1.He must have wanted it, since he remained erect (I guess women being raped never experience lubrication, either), or he was somehow “asking for it” in one way or another, such as getting drunk or sharing a room. Any of this sound familiar?
2. Men, being on average the more sexually driven sex, don’t mind being raped and aren’t traumatized by the experience. Another parallel: Though less often said openly nowadays, one still sometimes hears it suggested that raping a promiscuous woman or a prostitute is in some sense a lesser crime than raping a “decent” woman, on the theory that it wouldn’t be as big a deal to the victim.
3. It serves him right for being such a weakling. The frequency which with this one was repeated is interesting because in traditionalist/patriarchal morality, strength/power is often considered the prime virtue of a man, just as chastity is considered the prime virtue of a woman. In other words, we have here a masculine parallel to “The slut had it coming.” Violate the expectations placed on your sex, and there will be no compassion for you.
Thus, we have a nearly perfect recapitulation of the traditional ways of denying, minimizing, or condoning the rape of women. In fact, there were a number of women in the comments saying stuff like this. That initially surprised me, but it shouldn't have.
It’s worth noting how people can suffer from positive stereotypes about their sex. Much of the indifference to crimes like this (By no means all- there are also “progressive” reasons not to care, which sometimes overlap), or to men being raped in prison, or to male victims of domestic violence, and so on, can be attributed to the traditional belief that men, who are supposed to be the strong, stoic sex, don’t let themselves be harmed or abused by others, don’t (or at least shouldn’t) feel pain the way women do, and certainly shouldn’t admit it to it if they do. A perusal of the comment thread at the linked article will certainly testify to that, as will observing attitudes on the issue of men being raped in prison. A crying woman inspires compassion; a crying man inspires contempt. It’s drilled (or beaten, as needed) into everyone from an early age. God only knows how much injustice and misery has happened through the years because of this mentality, and how much we’ll continue to see.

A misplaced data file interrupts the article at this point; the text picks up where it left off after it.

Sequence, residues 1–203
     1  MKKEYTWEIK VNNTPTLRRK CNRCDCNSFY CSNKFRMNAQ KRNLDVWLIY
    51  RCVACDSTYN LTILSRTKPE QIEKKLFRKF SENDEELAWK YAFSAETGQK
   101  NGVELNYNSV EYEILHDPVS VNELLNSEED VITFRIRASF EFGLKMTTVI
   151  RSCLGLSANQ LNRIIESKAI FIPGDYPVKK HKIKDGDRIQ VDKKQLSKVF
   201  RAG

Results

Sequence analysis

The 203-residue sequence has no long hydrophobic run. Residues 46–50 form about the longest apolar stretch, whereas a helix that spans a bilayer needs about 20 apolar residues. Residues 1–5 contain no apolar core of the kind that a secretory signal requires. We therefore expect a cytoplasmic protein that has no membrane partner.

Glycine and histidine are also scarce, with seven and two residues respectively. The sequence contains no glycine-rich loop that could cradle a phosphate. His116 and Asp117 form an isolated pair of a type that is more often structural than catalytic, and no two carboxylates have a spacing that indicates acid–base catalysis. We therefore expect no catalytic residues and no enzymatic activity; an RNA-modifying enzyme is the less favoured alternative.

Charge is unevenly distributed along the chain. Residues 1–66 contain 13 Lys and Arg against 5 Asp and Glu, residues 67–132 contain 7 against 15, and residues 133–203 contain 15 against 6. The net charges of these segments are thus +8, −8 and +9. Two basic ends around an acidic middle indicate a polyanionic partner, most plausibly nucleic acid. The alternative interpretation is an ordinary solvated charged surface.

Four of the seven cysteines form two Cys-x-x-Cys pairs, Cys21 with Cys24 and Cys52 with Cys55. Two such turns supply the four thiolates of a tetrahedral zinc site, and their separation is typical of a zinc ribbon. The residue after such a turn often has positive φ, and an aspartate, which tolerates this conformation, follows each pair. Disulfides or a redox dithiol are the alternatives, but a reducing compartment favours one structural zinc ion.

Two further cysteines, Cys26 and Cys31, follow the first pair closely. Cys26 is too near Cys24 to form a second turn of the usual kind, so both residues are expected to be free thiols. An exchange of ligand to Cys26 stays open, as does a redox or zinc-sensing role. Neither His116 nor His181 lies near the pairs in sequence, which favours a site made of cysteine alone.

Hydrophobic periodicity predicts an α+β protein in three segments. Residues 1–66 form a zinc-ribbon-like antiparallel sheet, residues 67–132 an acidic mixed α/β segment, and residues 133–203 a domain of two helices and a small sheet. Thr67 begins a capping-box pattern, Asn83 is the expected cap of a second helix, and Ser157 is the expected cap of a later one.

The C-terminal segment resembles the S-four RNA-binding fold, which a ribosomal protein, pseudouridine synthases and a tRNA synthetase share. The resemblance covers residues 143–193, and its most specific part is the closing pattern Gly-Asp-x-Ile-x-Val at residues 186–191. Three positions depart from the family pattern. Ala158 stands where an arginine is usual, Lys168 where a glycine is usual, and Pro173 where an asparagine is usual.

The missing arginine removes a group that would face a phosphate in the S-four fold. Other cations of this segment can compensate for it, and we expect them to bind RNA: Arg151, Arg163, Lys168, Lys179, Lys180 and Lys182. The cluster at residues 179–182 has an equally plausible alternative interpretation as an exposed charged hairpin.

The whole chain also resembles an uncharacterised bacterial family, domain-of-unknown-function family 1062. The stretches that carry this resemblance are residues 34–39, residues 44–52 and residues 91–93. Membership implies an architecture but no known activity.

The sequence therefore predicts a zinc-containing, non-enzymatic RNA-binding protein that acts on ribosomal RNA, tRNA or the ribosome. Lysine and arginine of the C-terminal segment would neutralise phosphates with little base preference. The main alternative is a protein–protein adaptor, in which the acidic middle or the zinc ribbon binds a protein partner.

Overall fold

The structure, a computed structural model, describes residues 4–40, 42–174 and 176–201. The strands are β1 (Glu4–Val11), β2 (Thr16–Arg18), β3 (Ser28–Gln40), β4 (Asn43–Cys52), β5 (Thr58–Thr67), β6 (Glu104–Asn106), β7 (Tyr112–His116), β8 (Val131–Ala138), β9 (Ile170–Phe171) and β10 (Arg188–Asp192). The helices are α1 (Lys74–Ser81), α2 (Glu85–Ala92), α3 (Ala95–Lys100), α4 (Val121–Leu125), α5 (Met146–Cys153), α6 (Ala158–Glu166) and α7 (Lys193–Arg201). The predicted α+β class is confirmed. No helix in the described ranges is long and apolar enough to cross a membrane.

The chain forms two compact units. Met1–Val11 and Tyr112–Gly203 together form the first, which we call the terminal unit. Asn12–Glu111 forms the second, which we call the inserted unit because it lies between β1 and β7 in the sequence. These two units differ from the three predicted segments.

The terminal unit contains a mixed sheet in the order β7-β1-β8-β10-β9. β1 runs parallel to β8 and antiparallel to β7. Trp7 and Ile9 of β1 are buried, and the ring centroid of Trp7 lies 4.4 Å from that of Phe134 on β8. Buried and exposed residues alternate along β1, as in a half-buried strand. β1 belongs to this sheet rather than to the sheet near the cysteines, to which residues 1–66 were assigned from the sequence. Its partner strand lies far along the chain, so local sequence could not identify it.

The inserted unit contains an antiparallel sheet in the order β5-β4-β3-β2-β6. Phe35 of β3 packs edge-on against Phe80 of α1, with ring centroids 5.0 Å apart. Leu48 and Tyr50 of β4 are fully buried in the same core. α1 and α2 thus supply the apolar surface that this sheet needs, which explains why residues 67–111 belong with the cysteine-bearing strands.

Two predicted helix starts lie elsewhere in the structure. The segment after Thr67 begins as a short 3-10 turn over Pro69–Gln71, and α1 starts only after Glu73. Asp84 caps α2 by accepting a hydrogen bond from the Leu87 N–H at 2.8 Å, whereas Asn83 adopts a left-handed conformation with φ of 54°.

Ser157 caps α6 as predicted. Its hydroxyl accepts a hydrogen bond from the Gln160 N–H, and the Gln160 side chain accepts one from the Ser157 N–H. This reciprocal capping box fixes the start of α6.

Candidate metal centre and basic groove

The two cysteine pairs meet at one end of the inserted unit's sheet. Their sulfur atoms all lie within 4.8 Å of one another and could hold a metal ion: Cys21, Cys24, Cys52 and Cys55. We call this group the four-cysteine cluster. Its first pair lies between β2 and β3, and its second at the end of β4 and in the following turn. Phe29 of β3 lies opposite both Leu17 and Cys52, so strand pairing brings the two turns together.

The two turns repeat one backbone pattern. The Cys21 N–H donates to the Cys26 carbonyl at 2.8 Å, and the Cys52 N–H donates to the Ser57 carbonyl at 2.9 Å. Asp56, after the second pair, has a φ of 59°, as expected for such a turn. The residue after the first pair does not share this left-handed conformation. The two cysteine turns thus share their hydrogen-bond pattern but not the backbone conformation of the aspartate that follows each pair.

And I don’t think it’s ever going to end.
Tuesday, July 08, 2008
You know what's frustrating about the universe suddenly relieving itself on you without warning? You have all sorts of notes about news stories compiled and ready to use, but then you're suddenly feeling too rotten to get some proper blog posts together, and by the time you're back up and running again it's all too old and out-of-date to use even by my rather generous standards.
In lieu of actually producing anything myself, let me direct you to the most recent EconTalk podcast with Russ Roberts and Mike Munger. They're discussing a rather prosaic subject- private provision of mass transit- but in the process Munger provides one of the most interesting political insights I've heard in some time.